1) My ray stepping algorithm is now linear + binary search. What this means is I step my ray by large increments initially, detect when the ray's z-value is below the depth value, move my ray backwards, and decrease the step size. This is better than my previous approach of doing pure linear stepping because I can detect intersections faster and refine my results in less time.
2) Back-face rendering. I now use two framebuffer objects, one for front faces and one for back faces. Although this is somewhat slower than before, it makes reflections more accurate at certain angles.
3) Refractions. These were actually not that hard to do. Right now, the only difference between reflection and refraction in the shader is glsl refract vs reflect on the input ray. I might need to differentiate the two effects to be more physically accurate. I do not render refractive objects to the frame buffer because they would get in the way of the pixels behind.
4) Falloff. What I mean by this is the longer the ray must move to reflect an object, the more the reflected pixels fade. This lets me create objects that are cloudy or blurry, yet still reflective (not included in the demo below).
5) Lots of objects at once + physics (using Bullet)
What I need to do:
1) Improve visual quality. I've noticed that the reflected pixels get really jagged at around 45 degree angles to the surface. I'm still trying to figure out why this is happening. Also, I need to tweak my ray step algorithm to find the right balance between speed and accuracy.
2) Fresnel reflection. Reflection and refraction should adjust based on the view angle (assuming an object is both reflective and refractive).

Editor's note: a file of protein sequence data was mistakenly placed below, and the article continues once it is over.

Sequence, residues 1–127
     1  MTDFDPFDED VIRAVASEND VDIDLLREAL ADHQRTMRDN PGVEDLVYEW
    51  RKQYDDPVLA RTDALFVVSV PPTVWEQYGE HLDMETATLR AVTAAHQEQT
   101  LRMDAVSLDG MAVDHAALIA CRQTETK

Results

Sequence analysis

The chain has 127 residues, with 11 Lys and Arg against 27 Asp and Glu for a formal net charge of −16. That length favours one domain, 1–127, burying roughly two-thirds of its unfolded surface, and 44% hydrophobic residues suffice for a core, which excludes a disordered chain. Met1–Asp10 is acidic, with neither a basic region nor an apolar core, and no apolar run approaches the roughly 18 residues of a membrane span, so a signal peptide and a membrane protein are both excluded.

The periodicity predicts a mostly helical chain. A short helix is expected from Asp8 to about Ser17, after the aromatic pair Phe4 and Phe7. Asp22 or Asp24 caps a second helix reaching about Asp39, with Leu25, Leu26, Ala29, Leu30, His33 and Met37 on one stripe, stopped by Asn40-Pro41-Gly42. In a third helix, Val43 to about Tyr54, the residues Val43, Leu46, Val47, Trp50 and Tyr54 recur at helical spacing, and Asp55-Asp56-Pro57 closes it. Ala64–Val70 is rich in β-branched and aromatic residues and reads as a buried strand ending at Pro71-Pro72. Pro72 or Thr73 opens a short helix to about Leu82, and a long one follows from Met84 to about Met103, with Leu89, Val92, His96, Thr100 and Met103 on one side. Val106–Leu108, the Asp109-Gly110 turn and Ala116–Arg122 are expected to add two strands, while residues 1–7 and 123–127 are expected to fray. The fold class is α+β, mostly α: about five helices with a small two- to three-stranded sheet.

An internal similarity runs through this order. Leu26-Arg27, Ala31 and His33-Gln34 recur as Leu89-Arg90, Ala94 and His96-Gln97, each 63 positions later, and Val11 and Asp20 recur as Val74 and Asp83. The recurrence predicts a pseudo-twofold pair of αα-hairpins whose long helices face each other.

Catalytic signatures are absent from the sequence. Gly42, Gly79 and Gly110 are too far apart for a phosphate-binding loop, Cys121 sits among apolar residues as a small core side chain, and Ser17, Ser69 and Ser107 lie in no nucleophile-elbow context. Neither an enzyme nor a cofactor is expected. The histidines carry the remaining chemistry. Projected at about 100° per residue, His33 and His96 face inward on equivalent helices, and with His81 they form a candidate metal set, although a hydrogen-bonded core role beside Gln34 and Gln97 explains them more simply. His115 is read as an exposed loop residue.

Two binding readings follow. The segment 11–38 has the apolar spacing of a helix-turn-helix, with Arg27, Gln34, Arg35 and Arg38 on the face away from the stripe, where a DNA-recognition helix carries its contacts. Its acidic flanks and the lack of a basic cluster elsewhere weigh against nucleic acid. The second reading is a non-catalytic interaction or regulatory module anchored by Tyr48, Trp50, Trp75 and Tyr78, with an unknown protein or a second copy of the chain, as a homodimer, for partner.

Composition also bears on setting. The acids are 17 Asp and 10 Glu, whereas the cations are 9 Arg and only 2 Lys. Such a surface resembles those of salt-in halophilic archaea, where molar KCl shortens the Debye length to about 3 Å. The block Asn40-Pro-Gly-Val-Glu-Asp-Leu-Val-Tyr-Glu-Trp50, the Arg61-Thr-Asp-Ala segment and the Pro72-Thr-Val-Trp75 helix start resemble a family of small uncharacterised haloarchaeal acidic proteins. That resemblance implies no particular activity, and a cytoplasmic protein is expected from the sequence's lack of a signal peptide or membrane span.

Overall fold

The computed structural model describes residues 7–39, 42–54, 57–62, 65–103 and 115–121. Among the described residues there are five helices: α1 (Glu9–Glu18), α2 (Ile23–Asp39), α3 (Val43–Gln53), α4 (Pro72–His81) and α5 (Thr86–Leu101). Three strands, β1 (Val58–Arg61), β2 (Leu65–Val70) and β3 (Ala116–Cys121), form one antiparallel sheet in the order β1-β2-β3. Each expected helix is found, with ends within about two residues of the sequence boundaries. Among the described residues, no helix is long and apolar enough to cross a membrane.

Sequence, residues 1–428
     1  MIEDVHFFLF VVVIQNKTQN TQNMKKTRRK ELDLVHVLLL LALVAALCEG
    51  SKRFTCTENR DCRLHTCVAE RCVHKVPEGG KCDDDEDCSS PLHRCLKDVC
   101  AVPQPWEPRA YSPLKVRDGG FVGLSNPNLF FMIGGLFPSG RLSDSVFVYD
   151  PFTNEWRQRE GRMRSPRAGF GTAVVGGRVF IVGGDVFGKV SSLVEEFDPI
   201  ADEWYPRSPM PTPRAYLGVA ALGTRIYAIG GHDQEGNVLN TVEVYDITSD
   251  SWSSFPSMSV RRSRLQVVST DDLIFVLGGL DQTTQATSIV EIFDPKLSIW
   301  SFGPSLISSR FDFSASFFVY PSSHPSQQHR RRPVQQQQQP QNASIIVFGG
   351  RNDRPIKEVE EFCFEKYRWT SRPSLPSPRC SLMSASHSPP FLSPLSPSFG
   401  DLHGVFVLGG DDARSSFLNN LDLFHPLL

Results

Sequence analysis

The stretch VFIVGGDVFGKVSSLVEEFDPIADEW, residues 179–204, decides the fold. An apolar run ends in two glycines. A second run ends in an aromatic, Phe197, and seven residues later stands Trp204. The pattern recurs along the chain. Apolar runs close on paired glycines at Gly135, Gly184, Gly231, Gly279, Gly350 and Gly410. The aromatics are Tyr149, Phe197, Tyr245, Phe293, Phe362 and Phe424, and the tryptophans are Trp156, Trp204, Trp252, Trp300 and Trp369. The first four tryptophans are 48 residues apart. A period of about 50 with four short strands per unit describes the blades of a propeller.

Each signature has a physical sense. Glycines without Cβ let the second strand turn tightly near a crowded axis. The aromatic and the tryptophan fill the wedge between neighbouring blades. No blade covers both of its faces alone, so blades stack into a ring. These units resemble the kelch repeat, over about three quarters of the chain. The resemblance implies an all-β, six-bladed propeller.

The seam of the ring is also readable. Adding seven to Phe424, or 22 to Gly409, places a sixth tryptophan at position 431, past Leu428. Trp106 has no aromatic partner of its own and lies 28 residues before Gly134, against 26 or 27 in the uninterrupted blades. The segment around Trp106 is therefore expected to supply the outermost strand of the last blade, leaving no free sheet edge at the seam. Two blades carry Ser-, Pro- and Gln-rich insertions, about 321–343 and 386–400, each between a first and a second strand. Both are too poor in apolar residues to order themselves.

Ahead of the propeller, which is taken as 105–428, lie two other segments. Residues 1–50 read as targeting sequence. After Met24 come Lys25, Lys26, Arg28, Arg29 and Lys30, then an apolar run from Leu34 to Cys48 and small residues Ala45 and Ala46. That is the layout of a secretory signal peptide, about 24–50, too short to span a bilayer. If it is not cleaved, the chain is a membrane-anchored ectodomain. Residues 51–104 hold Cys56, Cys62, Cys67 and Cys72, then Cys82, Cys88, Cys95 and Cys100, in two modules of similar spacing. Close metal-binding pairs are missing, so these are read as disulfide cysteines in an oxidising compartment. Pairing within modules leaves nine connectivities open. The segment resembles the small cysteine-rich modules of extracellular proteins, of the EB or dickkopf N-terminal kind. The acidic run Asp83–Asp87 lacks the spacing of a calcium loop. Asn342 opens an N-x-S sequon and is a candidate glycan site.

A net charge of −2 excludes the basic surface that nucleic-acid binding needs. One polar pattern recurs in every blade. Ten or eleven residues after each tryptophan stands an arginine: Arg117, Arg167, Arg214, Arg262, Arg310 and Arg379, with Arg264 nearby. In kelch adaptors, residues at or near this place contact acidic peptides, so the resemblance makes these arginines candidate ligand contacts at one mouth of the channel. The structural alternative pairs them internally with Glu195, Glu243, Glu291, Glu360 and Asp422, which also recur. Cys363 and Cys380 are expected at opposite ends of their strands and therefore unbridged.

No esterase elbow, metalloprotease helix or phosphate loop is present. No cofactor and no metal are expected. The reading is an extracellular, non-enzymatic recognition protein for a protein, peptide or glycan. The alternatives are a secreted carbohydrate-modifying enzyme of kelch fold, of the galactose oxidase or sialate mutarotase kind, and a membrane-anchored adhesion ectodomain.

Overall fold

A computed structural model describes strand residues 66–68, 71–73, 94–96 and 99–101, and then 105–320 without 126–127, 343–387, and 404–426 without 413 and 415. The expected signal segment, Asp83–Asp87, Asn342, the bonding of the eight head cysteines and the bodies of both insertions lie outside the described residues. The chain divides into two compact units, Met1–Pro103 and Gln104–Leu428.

3) I don't know if this is feasible for a couple reasons, but I would like to try out a linked list fragment structure for extremely accurate reflections. This would get rid of the ugly shadows when the reflective object covers the wall behind it. Unfortunately, this technique has high memory consumption. More details on this technique from Sean Lilley's blog: http://gamerendering.blogspot.com/
Anyway, there is still a good amount to work to do but I thought I would show a demo of my progress:
Note: The fps drops to around 40 when I'm really zoomed in, but otherwise it is 60+
Yesterday I got the framebuffers working and today I've been messing with the reflection shader. Right now the code is inefficient in many ways, but it is starting to resemble proper reflections. Anyway, here are some pictures I've taken throughout the process:
I'll be discussing the last three images. All of these have been running on my laptop's bad graphics card, so I expect a speedup on my dekstop. Speedup will also come with making the shader more efficient. I'm aware of at least one major slowdown at the moment, which is I'm advancing the ray in view space and converting to screen space every step, rather than converting the reflection direction to screen space from the start and only working in screen space from that point on. I was doing this initially, but I encountered some problems so I said screw it and did it the slower way. The jagged lines correspond to the ray step size. The smaller the steps, the more refined (but slower).